In an interview with BBC Radio 1Extra, Smith was asked why he wasn’t in ‘Independence Day: Resurgence’. While humorously denying that there had been any conflict between him and Fox (who played Hiller’s wife, Jasmine), Smith explained that it was a matter of timing: “I had a few movies lined up, I ‘had ‘Concussion’ and ‘Suicide Squad,’ and so it was a decision, in terms of timing, between ‘Independence Day’ and ‘Suicide Squad.'”
Smith, noting how much the entertainment industry loves mining nostalgia, said the time was right for an “Independence Day” sequel, but the timing wasn’t right for him. “Concussion” was an Oscar gamble, while “Suicide Squad” was Smith’s chance to get a slice of the superhero movie pie. Prioritizing these projects over another round with “Independence Day” makes business sense.
Looking at the finances, it’s likely hard cash was just as much a motivation for Smith as his schedule. $20 million is the commonly repeated figure for Smith’s salary in the “Suicide Squad”; although we couldn’t find a concrete source for it, it would match Smith’s salary for contemporary projects, such as “Bright” ($27 million) and “King Richard” ($40 million, backed by a full bonus due to the film’s simultaneous release in theaters and on HBO MAX). “Suicide Squad” had a reported production budget of $175 million (although many revivals went up by tens of millions), while “Resurgence” had a budget of $165 million. The latter had a larger ensemble cast and scale than “Suicide Squad”, where Smith was the only established star (barring a cameo from Ben Affleck as Batman). So, it makes sense that Warner Bros. could have made a higher offer for Smith than 20th Century Fox did.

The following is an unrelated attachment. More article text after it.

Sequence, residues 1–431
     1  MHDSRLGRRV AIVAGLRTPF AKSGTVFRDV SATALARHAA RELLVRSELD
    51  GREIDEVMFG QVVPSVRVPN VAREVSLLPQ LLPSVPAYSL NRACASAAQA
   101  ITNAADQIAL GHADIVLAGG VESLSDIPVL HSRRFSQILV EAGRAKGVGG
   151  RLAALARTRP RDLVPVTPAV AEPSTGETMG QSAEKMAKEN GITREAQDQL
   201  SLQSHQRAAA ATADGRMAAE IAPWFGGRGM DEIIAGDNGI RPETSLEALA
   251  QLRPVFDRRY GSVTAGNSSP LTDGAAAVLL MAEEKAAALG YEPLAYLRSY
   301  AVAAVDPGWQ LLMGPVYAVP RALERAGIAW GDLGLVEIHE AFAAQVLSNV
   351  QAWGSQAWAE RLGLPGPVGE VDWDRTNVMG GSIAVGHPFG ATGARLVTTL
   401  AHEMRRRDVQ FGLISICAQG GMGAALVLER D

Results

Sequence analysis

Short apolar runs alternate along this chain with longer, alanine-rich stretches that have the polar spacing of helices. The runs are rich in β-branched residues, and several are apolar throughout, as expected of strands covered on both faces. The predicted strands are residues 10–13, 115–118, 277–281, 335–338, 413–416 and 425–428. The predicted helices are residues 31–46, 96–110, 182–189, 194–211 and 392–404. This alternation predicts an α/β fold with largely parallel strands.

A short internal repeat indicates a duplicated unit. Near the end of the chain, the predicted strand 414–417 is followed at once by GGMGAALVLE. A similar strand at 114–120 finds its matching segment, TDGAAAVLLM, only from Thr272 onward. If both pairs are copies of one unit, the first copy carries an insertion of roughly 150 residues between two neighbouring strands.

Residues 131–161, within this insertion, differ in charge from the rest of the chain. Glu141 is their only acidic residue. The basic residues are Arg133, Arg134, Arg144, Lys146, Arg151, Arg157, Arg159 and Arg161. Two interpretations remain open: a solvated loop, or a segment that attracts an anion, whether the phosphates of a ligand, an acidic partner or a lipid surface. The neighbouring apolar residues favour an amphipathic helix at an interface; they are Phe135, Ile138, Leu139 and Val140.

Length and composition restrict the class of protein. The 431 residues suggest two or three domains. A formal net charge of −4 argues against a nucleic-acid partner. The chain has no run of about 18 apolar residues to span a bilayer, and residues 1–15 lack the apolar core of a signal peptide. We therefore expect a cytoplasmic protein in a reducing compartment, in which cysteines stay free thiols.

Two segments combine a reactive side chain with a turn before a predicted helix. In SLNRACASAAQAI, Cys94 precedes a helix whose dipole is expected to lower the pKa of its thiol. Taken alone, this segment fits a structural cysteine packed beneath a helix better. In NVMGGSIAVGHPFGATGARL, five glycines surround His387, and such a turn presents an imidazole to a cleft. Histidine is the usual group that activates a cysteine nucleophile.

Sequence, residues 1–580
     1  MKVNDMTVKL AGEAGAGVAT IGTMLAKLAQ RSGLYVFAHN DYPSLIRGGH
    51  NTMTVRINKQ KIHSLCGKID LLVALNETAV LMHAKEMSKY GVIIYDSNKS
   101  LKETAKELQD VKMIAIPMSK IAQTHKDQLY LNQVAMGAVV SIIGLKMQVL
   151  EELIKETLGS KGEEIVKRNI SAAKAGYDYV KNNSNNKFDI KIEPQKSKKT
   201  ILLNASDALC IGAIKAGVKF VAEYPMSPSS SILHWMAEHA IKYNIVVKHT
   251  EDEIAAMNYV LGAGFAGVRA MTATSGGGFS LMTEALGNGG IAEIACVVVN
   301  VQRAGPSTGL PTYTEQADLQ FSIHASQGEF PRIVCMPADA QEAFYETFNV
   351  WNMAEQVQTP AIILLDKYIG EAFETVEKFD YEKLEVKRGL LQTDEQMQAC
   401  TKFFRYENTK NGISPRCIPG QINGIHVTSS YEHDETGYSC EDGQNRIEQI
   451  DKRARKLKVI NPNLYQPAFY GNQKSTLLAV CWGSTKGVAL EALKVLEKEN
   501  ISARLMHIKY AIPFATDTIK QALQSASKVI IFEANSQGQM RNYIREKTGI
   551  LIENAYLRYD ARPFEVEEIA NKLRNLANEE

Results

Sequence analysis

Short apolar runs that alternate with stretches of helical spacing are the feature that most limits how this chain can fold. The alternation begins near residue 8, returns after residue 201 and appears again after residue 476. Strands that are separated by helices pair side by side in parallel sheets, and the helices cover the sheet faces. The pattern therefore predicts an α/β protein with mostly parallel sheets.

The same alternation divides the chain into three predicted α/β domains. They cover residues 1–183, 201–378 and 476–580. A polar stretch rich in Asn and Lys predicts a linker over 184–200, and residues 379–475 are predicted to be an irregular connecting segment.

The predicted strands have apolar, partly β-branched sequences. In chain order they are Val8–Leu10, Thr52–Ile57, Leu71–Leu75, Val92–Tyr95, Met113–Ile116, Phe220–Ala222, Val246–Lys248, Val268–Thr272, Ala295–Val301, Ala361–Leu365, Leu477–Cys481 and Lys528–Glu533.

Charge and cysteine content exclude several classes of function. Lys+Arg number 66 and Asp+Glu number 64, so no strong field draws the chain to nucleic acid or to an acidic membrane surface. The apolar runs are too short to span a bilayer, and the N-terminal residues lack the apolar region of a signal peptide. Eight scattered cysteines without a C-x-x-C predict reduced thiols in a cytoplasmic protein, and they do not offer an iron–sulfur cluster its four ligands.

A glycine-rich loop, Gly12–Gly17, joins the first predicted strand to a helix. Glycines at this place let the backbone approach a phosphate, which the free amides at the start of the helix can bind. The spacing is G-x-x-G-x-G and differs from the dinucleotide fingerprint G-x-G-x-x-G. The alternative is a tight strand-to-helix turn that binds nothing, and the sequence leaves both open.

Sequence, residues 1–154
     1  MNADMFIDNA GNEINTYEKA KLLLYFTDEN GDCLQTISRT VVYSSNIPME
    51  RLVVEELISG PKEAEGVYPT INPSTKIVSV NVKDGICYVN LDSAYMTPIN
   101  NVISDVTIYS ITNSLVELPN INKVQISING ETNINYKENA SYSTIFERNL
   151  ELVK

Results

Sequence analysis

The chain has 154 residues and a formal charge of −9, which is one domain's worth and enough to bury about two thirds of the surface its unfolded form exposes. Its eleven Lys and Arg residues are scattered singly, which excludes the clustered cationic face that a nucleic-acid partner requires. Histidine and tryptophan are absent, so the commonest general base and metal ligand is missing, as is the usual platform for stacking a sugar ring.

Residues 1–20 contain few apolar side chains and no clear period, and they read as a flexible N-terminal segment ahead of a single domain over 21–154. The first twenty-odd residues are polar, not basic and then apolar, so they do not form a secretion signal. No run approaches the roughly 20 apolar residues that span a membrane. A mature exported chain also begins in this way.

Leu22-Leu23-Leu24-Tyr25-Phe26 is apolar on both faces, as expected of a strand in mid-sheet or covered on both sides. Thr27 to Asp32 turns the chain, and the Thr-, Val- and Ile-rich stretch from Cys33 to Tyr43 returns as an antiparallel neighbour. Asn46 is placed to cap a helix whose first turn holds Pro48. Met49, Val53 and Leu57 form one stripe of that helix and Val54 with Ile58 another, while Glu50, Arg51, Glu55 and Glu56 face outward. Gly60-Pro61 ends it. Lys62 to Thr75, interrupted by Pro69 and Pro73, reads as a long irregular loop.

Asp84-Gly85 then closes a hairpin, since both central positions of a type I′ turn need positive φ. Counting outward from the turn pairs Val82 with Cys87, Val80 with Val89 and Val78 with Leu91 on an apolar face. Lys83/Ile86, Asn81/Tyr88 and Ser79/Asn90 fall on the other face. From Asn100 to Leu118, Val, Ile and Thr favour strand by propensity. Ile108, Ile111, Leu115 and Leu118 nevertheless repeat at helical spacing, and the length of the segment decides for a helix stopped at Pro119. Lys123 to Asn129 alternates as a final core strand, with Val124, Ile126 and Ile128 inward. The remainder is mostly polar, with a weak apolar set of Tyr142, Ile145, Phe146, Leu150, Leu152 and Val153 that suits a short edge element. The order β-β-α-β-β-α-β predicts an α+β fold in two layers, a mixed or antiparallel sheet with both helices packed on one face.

According to Emmerich, Smith officially dropped “Resurgence” when the film was in pre-production, necessitating a hasty rewrite of the story. What other consequences did his departure have?